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(Somewhat) Healthier Choices For Halloween

Candy, caramel apples and chocolate, oh my! At first glance, Halloween would seem to be anathema to diabetes. Perhaps you even dread its arrival each year and have to fight your natural attraction to the sweets lining store shelves (and their magnetic power over your offspring). But you don’t need to torture yourself like that: enjoying Halloween without going overboard is completely possible! Here are some ideas for kids young and old.

Chocolate. Your best option is dark chocolate—it’s not too sweet and has a low glycemic index. Otherwise, go for wafer-style chocolate bars (Kit Kat) instead of candy with peanut butter (Reese’s), which contains more calories.

Candy. Beware of hidden carbs! To avoid them, go for sweets such as sugar-free jellybeans or sugar-free Werther’s candy.

Snack foods. Make your own trail mix with a large serving of nuts, some dried fruit and a hint of chocolate chips—certifiably delicious!

Fruit rolls. By making them yourself, you’ll cut down on sugar and preservatives while serving up plenty of fibre. Check out this easy recipe.

Deluxe popcorn. Air-popped popcorn is great for its high fibre content and its low glycemic index. To make it a Halloween-worthy treat, add a few drizzles of dark chocolate in the shape of a cobweb.

Cookies. Store-bought products are often disastrous for blood sugar, so why not create your own masterpieces? These oatmeal cookies will satisfy any sweet tooth, and they can be given a festive look using Halloween-themed moulds. Dibs on the ghost-shaped ones!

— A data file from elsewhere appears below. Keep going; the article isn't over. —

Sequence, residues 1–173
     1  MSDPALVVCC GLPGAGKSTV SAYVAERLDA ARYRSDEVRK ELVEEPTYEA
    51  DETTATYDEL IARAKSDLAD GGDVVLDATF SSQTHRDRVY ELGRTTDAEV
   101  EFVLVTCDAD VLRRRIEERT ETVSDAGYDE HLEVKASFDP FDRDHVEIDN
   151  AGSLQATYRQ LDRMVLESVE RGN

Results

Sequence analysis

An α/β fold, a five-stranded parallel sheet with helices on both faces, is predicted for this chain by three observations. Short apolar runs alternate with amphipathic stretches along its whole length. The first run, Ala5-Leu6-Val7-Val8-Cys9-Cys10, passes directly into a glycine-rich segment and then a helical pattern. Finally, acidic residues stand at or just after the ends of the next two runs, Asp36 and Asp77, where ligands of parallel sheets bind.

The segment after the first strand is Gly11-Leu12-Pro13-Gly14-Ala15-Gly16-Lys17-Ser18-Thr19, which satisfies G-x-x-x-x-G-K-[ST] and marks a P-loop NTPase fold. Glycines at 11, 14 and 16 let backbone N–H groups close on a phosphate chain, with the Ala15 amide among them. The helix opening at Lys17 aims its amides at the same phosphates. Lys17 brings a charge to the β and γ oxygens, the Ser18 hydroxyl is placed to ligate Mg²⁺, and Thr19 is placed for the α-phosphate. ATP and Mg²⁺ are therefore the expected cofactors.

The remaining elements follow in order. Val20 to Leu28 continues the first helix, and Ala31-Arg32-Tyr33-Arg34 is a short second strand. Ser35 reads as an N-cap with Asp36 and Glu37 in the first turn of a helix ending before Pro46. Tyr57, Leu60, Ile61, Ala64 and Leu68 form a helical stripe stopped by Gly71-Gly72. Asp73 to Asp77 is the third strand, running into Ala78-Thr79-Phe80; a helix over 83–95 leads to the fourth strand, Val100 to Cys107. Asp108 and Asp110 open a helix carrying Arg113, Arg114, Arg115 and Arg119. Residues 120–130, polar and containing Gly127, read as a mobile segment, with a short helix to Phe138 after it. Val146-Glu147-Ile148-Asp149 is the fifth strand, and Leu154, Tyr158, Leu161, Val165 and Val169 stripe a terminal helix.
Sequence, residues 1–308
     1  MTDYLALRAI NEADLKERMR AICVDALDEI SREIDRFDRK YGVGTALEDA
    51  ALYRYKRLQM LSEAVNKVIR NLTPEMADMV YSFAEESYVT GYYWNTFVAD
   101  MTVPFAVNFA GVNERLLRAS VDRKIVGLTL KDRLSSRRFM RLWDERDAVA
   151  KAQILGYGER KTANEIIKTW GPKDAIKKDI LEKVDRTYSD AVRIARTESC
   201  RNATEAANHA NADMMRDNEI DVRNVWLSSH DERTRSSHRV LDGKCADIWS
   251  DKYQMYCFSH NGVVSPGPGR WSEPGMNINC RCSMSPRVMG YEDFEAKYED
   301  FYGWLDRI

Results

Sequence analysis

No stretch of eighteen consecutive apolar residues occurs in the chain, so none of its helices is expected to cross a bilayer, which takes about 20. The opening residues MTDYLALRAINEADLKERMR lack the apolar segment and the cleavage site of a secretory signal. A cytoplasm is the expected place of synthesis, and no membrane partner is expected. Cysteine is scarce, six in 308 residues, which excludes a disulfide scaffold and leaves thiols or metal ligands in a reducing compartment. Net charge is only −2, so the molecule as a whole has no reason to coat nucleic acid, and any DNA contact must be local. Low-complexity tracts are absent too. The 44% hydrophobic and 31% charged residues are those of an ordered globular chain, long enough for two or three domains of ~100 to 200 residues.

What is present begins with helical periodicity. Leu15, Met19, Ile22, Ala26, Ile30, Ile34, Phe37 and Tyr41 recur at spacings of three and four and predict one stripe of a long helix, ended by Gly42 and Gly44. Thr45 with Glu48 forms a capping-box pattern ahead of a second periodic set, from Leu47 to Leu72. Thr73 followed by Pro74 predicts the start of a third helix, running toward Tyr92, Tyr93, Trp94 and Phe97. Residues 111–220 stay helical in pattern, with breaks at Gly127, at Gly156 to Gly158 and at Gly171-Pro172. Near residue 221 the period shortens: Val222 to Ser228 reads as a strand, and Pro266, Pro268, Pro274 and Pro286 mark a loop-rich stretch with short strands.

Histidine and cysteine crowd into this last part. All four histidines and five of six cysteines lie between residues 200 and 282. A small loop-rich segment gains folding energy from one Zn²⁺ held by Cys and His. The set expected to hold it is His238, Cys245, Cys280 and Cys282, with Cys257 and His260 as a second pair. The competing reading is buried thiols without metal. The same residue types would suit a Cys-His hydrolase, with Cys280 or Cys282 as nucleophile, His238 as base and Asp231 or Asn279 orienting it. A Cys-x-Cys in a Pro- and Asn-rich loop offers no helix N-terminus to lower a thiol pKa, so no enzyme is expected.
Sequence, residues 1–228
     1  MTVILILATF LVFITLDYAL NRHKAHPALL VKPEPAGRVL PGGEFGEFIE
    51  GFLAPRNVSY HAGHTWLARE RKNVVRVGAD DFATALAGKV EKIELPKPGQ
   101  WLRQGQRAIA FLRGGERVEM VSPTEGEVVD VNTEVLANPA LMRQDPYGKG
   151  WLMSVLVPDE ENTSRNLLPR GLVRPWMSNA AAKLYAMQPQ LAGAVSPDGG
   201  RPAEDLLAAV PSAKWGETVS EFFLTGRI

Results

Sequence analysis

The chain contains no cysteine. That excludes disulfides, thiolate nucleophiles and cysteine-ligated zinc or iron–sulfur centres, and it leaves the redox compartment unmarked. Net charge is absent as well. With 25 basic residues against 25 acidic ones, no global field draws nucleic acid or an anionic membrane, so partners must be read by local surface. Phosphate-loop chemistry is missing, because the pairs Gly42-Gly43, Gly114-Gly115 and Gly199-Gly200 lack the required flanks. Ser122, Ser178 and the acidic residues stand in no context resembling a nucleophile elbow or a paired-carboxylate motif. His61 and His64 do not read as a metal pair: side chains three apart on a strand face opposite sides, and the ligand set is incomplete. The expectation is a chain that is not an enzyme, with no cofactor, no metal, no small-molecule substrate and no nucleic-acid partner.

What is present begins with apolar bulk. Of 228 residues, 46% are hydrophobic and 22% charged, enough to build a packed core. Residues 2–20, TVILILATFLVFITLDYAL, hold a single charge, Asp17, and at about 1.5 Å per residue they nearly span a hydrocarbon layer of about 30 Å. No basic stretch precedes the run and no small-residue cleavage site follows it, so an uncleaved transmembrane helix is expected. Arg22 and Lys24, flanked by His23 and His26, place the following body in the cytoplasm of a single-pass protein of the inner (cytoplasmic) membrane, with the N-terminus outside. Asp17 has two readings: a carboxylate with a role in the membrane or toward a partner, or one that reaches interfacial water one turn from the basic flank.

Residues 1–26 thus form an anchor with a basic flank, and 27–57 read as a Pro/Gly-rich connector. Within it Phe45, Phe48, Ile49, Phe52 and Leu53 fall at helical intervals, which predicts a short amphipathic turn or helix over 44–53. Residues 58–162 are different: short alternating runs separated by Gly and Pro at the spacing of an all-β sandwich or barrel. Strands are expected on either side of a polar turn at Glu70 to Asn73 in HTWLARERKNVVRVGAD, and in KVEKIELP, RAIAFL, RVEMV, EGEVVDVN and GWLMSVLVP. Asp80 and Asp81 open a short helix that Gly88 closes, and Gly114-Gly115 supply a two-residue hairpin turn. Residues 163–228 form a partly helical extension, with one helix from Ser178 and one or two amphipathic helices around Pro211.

Pumpkin. This nutrient- and vitamin-rich vegetable is delicious in pie or smoothie form, not to mention that its seeds make excellent snacks. How about that: a multipurpose Halloween decoration!

As always, moderation is the key to keeping your diabetes (or that of your children) under control. There’s nothing wrong with a few treats here and there, but you also have the option of shifting the focus to the party rather than just the food. For example, you could have a horror movie night or give out Halloween accessories such as witch rings or bat bracelets instead of candy at the door—the little monsters and vampires will enjoy those just as well.

Happy Halloween!

References:

Diabetic Living, “Choose This, Not That Halloween Candy”: https://www.diabeticlivingonline.com/food-to-eat/nutrition/choose-this-not-that-halloween-candy?page=7. Accessed February 9, 2016.
Healthline, “6 Diabetes-Friendly Halloween Treats”: http://www.healthline.com/diabetesmine/the-hard-candy-trial-n-of-1. Accessed February 9, 2016.
Roche, “Healthier Halloween Treats: It’s Okay to Be ‘That’ House”: https://www.accu-chek.com/life-with-diabetes/diabetes-basics?utm_campaign=Diabetes_Link&utm_medium=Inactive_URL&utm_content=accu-chekdiabeteslink.com&utm_source=Inactive_URL. Accessed February 9, 2016.

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